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News - Arts and Culture at MSU



Nobel laureate and novelist Orhan Pamuk to present Arts and Letters Signature Lecture at MSU

Monday, September 17, 2007

Turkish novelist Orhan Pamuk will present the College of Arts and Letters Signature Lecture on Monday, Oct. 1, as part of a series of events celebrating MSU’s Year of Arts and Culture. He will speak at 7:30 p.m. in the Pasant Theatre, Wharton Center for Performing Arts.

Tickets are $20 (free to MSU faculty, staff and students with ID at box office only, limit two); call 1 (800) WHARTON or visit

Pamuk is one of the most prominent novelists at work in the world today, acclaimed on all sides as a humane writer of unique vision. Among his many highly regarded works are The White Castle (1991), The Black Book (1994), The New Life (1997), My Name is Red (2001), Snow (2004) and Istanbul: Memories and the City (2005). In announcing his selection as winner of the Nobel Prize in Literature for 2006, the Swedish Academy praised Pamuk, “who, in the quest for the melancholic soul of his native city has discovered new symbols for the clash and interlacing of cultures.”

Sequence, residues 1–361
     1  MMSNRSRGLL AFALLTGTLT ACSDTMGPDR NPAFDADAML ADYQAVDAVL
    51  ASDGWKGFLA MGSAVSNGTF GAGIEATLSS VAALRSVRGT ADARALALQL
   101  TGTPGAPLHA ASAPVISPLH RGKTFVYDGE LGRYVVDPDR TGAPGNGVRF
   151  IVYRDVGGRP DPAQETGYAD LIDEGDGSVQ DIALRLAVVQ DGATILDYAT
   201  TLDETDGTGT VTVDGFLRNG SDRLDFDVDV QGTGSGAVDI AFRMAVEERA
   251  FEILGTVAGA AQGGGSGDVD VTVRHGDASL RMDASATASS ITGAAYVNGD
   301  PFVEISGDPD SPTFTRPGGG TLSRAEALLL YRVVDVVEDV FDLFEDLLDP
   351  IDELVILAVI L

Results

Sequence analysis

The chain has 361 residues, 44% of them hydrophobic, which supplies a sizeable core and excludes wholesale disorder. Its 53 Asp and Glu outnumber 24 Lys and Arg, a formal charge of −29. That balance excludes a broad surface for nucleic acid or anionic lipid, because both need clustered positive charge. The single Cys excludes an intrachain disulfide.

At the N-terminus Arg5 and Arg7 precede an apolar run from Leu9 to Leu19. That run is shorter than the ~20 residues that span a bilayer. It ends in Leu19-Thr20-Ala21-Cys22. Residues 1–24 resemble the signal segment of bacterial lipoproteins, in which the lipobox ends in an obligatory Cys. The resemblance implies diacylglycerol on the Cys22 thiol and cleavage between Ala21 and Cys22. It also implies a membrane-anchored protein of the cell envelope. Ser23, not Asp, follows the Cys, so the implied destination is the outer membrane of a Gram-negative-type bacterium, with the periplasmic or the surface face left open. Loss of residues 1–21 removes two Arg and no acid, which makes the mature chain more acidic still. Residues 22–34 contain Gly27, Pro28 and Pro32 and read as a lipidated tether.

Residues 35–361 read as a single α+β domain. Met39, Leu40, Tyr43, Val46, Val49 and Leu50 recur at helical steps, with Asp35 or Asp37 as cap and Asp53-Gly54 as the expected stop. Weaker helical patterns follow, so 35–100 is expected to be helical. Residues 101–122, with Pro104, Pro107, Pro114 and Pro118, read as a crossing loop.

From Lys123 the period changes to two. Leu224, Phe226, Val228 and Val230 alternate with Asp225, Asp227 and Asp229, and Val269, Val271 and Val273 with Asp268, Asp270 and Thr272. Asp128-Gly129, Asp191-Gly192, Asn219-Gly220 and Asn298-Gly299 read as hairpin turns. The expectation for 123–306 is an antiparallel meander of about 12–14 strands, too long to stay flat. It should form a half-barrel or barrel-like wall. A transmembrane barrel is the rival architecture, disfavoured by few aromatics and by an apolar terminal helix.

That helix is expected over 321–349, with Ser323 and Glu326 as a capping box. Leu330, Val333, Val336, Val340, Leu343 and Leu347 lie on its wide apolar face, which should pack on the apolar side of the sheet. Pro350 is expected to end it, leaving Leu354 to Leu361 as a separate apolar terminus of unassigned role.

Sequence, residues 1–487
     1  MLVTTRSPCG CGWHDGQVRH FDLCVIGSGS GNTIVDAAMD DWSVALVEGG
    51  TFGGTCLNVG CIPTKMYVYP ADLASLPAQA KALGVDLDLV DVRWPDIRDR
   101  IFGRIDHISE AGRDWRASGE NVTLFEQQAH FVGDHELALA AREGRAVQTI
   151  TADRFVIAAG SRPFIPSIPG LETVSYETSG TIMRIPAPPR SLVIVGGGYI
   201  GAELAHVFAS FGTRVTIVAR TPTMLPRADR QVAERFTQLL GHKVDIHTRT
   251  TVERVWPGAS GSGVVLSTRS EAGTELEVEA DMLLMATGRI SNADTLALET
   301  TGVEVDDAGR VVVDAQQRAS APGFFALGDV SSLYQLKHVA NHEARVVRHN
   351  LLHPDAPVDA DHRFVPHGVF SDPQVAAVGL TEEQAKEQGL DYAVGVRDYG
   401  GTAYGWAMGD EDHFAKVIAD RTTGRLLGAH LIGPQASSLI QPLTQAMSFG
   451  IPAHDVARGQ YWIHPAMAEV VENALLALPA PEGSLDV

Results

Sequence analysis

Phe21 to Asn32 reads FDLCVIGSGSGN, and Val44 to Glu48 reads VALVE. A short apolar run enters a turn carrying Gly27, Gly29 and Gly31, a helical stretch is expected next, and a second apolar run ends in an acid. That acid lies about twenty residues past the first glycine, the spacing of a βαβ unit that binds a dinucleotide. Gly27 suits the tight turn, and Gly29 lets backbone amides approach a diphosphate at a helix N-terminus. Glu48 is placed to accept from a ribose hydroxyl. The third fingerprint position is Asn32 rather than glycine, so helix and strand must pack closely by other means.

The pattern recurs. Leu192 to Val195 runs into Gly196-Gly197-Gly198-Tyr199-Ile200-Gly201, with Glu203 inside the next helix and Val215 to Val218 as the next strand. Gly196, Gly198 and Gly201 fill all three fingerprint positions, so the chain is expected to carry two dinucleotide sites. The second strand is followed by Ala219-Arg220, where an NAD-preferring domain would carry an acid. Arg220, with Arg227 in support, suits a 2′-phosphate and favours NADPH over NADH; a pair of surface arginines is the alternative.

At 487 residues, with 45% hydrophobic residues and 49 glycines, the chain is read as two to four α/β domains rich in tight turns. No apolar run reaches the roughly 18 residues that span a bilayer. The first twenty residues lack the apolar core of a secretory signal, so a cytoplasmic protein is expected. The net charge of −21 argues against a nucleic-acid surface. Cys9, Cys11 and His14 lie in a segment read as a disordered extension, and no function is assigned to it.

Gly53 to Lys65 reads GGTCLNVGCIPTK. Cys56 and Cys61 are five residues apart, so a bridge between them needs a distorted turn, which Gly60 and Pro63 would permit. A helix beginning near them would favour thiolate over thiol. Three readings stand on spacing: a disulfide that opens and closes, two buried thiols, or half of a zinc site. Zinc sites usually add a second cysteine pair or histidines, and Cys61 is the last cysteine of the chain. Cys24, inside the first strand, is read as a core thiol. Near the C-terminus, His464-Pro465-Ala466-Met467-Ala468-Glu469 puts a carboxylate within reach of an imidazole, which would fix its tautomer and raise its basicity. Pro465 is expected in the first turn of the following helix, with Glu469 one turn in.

His work has been translated into dozens of languages and he has received numerous prestigious international prizes, including the Nobel Prize in Literature (2006), Le Prix Méditerranée étranger (2006), the Prix Médicis étranger (2005), the Ricarda-Huch Prize (2005) and honorary membership in the American Academy of Arts and Letters. He is currently a professor of Middle East and Asian Languages and Cultures at Columbia University.

“We selected Mr. Pamuk for our signature event for the MSU Year of Arts and Culture because he exemplifies the college’s focus on arts and humanities in a global context,” said Karin Wurst, dean of the College of Arts and Letters. “His artistic negotiation between East and West, between different cultures, and between historical and contemporary concerns exemplifies the special place the arts and culture occupy in contemporary life. His life and work mirror the university’s commitment to global engagement and its particular interest in Turkey as a key site for challenging yet important interactions between Islam and the West.”

Pamuk’s speech at MSU is expected to touch on some of the issues raised during his Nobel lecture, in which he noted that “what literature needs most to tell and investigate today are humanity’s basic fears: the fear of being left outside, and the fear of counting for nothing, and the feelings of worthlessness that come with such fears; the collective humiliations, vulnerabilities, slights, grievances, sensitivities, and imagined insults and the nationalist boasts and inflations that are their next of kind.”

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